How to eat persimmons

It’s the end of autumn and thus persimmon season in New Zealand, as the fruit – which has been grown in Asia for centuries – is ready for picking. The most widely grown genus in New Zealand is the Diospyros kaki, or Japanese persimmon, which is native to Japan, China, Korea, Burma and Nepal and has been cultivated for centuries.

Down under, the prime season is April and May for this deep orange fruit that somewhat resembles a tomato, with a high glucose content making it equally sweet in taste. In fact, while not typically considered a berry, in strict botanical morphology they are. They need a warmer climate to thrive and are therefore best grown in northern New Zealand, including Auckland.

Freshly picked in Helensville, Auckland | Photo: Linh Le 

Forty-five minutes from central Auckland is Helensville, and there you’ll find the Shiziyuan Persimmon Garden. It’s a very popular pick-your-own garden for Auckland’s Asian community. After two weeks of closure to let the fruit replenish after its last picking, it opens again this Saturday, 22 May. Owned by Ross and Cherry Hunt, a trip to the gardens is a whole day out for a family, where you can also bring a picnic, feed the cows, see the doves, and finish it all off with a persimmon ice cream.

Asia New Zealand Foundation's Linh Le enjoys the fruits of her labour | Photo: Linh Le

But once you get home, what can you do with all those bags of persimmons?

Poh Ling Yeow, MasterChef all-star and ambassador for Australian Persimmons,  shows you how to cut and store persimmons in this YouTube video.

The variety of persimmons widely available in New Zealand is non-astringent and easily bitten into with the skin on, and eaten raw.

Persimmon recipe roundup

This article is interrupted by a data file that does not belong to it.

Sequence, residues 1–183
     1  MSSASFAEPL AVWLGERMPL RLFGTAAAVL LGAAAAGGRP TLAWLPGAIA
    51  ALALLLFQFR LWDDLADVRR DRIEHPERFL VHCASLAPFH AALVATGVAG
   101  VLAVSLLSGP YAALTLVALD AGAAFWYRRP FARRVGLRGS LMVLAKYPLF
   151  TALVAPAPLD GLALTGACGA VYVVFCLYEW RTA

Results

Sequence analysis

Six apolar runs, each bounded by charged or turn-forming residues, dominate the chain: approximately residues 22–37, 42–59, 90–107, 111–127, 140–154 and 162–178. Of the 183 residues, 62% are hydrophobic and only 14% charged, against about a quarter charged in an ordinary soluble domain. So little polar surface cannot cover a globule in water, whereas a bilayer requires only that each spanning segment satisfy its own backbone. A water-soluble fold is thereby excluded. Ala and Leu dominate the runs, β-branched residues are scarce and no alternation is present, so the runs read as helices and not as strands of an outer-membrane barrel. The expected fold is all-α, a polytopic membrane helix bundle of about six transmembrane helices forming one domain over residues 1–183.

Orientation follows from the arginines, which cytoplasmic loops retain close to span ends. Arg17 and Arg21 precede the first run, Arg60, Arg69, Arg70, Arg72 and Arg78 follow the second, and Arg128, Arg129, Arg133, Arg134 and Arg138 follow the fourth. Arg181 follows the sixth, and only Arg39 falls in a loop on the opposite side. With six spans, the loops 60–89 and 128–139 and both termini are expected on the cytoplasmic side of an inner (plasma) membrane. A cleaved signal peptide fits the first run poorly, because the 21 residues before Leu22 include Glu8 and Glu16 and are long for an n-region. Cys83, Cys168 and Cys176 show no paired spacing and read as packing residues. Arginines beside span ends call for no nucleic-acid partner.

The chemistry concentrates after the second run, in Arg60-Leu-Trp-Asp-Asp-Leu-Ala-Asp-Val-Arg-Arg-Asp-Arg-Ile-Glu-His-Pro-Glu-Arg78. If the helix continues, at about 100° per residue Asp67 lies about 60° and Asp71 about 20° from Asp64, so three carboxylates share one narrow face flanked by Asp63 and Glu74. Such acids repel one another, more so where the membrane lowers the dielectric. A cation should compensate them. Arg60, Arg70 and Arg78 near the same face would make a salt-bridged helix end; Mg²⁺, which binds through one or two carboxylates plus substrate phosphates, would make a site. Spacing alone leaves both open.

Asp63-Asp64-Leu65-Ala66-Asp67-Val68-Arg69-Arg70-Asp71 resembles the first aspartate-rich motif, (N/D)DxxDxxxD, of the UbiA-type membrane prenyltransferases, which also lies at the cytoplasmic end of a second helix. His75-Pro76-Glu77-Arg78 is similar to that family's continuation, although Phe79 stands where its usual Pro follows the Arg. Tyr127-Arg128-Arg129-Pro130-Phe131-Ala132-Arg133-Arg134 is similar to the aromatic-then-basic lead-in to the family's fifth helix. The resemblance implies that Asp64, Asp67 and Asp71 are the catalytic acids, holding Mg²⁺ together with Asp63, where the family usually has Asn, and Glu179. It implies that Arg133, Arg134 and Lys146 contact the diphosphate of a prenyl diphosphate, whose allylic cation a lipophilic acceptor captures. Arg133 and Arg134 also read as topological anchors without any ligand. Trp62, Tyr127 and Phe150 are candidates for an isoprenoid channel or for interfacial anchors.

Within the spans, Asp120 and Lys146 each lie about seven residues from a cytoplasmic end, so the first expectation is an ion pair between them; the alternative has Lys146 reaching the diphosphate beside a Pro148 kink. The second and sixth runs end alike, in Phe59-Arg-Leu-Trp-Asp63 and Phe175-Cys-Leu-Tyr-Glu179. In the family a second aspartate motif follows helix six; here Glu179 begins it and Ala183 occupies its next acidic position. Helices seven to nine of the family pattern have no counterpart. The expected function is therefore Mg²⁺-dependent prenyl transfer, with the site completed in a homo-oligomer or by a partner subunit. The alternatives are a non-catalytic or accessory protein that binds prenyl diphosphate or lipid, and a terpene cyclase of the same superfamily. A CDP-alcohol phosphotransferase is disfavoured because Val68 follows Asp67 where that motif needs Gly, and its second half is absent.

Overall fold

For day-to-day additions to your meals, they are best utilised to add a pop of colour to a salad where your standard red tomato might not suffice. Just use sliced persimmons in place of them – perhaps in an autumnal persimmon and apple salad.

Persimmons are an unrated fruit, says cook Nadia Lim. “A lot of people don’t know what to do with them,” she says. Lim’s advice? Try something different like honey-baking them with vanilla and cinnamon. Other dessert options for this fruit include persimmon crumble or cake (made moist with brandy), cookies, galette, or even persimmon sorbet, made with black tea.

For morning tea recipes, you could bake a persimmon bread with walnuts (again, very autumnal), or easy spiced persimmon muffins.

For a slightly sweeter-than-usual risotto, persimmon risotto is balanced with tart pancetta and goat’s cheese. A twist on typical roast chicken, make harissa and persimmon chicken with a Greek yoghurt marinade. 

And finally, don’t forget about using persimmons during aperitif hour. They go great with a cocktail, whether wrapped in prosciutto (like you’d wrap melon slices) or made into a persimmon paste for cheese and crackers, for use in the same way as quince jelly.

 - Asia Media Centre